Egoism breeds corruption
This honesty, this demolition of defensiveness, is a dismantling of fear and hate. As the Archbishop so keenly puts it, it is “a remedy for every kind of egoism which may contaminate and corrupt an authentic approach to politics”. If we can look ourselves in the eye and say that we are doing what we are doing, in both public and private life, for the common good then, like Brutus we can say “If it be aught toward the general good, set honour in one eye and death i’ th’ other, and I will look on both indifferently”. Well, perhaps not death, no need for drama queens, but you get my drift. But can we? Archbishop Scicluna smoothly cuts in: “If politics is to serve as an expression of service and love, it needs to be detached from every motivation of personal gain”.
Who is my neighbour?
As Catholics, said the Archbishop, we are called to help the poor, the sick and the vulnerable: migrants and refugees who also have a right to life, dignity and are also made in His image. It is here, that my thoughts latched on to Gibran. How much hate-speech goes on online? This is the classic use of hate as a defence-mechanism, a call to the barricades, an us-against-them mentality born out of fear. Fear of what? Our inability to care for everyone? We fared well when our economy was not our own. Now we are doing splendidly. Have we forgotten how to share? Or is it perhaps that we do not want to revert to a make-do-and-mend society, preferring instead a disposable mentality? “The preferential option for the poor is the remedy against the temptation of embracing a throwaway culture where a person’s worth depends on his or her strengths or how useful he or she is to society,” said Archbishop Scicluna, adding that “While maturing as a sovereign, autonomous and independent nation, we are called to care for one another in the way in which we express ourselves, including towards foreigners, particularly in our comments online”. He is kind, our Archbishop, certainly much kinder than me. He attributes these lacunae to lack of education.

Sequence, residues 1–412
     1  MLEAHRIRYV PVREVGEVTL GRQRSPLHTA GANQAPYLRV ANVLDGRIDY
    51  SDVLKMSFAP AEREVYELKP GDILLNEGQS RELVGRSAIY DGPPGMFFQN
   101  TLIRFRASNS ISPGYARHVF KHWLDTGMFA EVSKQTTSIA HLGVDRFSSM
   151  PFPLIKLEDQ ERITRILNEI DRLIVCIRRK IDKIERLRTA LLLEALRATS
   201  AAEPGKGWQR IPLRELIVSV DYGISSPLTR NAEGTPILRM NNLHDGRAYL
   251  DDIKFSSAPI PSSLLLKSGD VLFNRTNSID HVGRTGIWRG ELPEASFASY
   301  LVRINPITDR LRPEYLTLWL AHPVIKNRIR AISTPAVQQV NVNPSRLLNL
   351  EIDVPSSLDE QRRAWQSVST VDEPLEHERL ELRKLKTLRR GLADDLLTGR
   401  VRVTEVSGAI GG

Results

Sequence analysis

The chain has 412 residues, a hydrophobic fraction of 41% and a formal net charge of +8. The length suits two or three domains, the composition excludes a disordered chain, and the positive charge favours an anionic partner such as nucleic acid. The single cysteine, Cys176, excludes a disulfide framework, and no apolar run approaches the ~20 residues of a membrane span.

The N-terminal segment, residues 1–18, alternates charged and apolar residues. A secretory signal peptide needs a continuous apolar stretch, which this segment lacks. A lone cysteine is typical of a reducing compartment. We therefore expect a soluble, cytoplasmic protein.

Education – a basic need